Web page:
Difference Between Risk and Risk Event
A couple of months ago we released a Hazard and Risk Competency Quiz, which deals a lot with the concept of Risk Events. Overall the assessment – which was purposefully very difficult – was very successful.
We received a lot of feedback about Risk Events, and for the most part aviation safety managers fall into 3 categories concerning Risk Events. If you are familiar with the assessment, which category do you fall into?
- Unfamiliar with “Risk Event” but thought it was interesting;
- Found the concept and use of “Risk Event” very helpful in risk management activities; or
- Disagreed with the use of “risk”, citing traditional definitions of risk as an argument.
“Risk Event” and “risk” in general are not the same thing. Risk is:
- A conceptual element of aviation safety management;
- Has an undeniable subjective element;
- Used to understand exposure through likelihood and severity of the situation; and
- Is not associated with a specific part of the flow of events in a safety issue.
Conversely, a Risk Event is:
- Defined by some kind of action, rather than a concept;
- Is partially subjective;
- Is a specific, identifiable part of the flow of events in a safety issue;
- Is the middle point between proactive actions/controls and reactive actions/controls; and
- Used to understand where in a safety event the failure occurred.
The practical difference between risk and Risk Events is that Risk Event has a specific use in risk management activities. Risk does not have a specific use, but is something that every SMS program needs to define, as it will broadly influence all risk management activities.
What is a Risk Event in Aviation Risk Management
A Risk Event in aviation SMS programs can be summarized by the following points:
- It is the point in the flow of safety events at which, “safety control is compromised/lost”;
- Is the point after which employees need to react in order to regain safety control;
- Is a single event (there is only one Risk Event per safety issue);
- Arises from a single hazard or a combination of hazards which become dangerous;
- Is the middle point in-between proactive risk management and reactive risk management; and
- Is synonymous to the Top Event used in bowtie analysis.
With a little practice, it’s easy to become familiar with Risk Events. As said, there is some subjectivity involved, as “the point at which safety control is lost” may appear slightly different to different safety professionals.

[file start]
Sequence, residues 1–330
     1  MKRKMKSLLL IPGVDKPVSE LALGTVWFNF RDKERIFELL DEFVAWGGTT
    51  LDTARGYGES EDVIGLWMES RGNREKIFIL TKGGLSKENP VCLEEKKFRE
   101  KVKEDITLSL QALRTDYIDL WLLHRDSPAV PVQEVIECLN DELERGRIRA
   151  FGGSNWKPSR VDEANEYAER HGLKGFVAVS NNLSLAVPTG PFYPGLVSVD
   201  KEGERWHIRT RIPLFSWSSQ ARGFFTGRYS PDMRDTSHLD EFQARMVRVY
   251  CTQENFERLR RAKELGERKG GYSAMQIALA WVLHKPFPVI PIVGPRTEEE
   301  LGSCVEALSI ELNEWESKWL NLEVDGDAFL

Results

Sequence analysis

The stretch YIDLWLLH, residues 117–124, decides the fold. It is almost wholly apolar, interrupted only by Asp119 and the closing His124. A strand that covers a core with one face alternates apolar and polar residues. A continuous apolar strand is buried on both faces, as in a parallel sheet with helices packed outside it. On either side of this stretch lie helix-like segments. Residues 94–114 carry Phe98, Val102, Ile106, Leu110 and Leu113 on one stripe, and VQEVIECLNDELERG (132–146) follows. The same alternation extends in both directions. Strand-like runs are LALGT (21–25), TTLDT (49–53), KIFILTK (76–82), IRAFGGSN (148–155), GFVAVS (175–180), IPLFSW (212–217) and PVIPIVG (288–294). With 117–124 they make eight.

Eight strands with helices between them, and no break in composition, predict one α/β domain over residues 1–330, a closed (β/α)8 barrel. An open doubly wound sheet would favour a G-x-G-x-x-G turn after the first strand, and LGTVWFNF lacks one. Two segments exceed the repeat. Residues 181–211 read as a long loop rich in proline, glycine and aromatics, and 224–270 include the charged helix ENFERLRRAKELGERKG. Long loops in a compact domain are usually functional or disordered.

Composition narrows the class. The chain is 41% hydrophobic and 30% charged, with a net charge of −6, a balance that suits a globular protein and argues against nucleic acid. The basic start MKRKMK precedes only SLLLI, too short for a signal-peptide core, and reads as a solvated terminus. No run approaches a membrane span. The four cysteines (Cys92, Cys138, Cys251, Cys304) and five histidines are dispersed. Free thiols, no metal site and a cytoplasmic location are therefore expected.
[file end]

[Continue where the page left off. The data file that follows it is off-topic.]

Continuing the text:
Surprisingly often, however, the Risk Event will be ubiquitously agreed upon.
Examples of Risk Events
A Risk Event is something you would identifying during risk analysis. Some good examples of “Risk Events” are:
- Flying too close to a flock of birds (however you define “close” to be), because pilots need to react immediately;
- Crossing the hold short line on a runway (runway incursion), as pilots will need to take immediate action to get off of the runway;
- Losing servers (internet) in an airport; or
- Losing control of a ground operations vehicle.
You will notice that a Risk Event is not when the undesirable event happens, such as hitting the birds, rolling the ground ops vehicle, or a near miss on the runway.
- Undesirable events should be associated with consequences and impacts that arise from a Risk Event
What is the Flow of Safety Events?
If the concept and application of “flow of safety events” is not clear, it’s hard to understand what a Risk Event is and why it is extremely useful. Below is a graphic which describes the origin and conclusion of a safety event.
Incidentally, the purpose of bowtie analysis is to capture the flow of safety events, such as shown above. Whereas a bowtie commonly lists a “Top Event”, Risk Event might be more to the point.
In any case, Top Events are isolated to being used in bowtie analysis, whereas a risk event can be used in any risk management activity.
Why Is Risk Event Important
It’s important to understand what a Risk Event is because it gives:
- Employees a specific, tangible moment/event/action to try and avoid during operations;
- Employees an opportunity to react quicker should they recognize a risk event as it unfolds in operations;
- Managers an “waypoint” during risk analysis;
- Managers a reference point for defining proactive risk management activities and reactive risk management activities; and
- Makes separation of proactive and reactive risk controls clearer, and more manageable.
The other reason Risk Events are important is because they can be used in any number of risk management activities, such as:
- In fishbone diagrams – it will be the “head” of the fish;
- In risk assessments – it will be used to assess the severity of potential impacts which arise from the risk event and the likelihood of the risk event happening in the future;
- In bowtie analysis – it will be your Top Event;
- In general risk management activities, such as defining proactive/reactive risk management operations; and
- In aviation safety training.
Final Thought: More Resources on Risk Events
There are several good resources that provide regarding Risk Events. For more information, see the following resources:
- Difference between hazards, impacts, and risk (i.e., Risk Events);
- See Top Event in this article on how to perform bowtie analysis;
- See the Head in this article about how to create fishbone diagrams; and
- See the link in the button below to download the Hazard and Risk Competency Quiz - remember this test is designed to be challenging!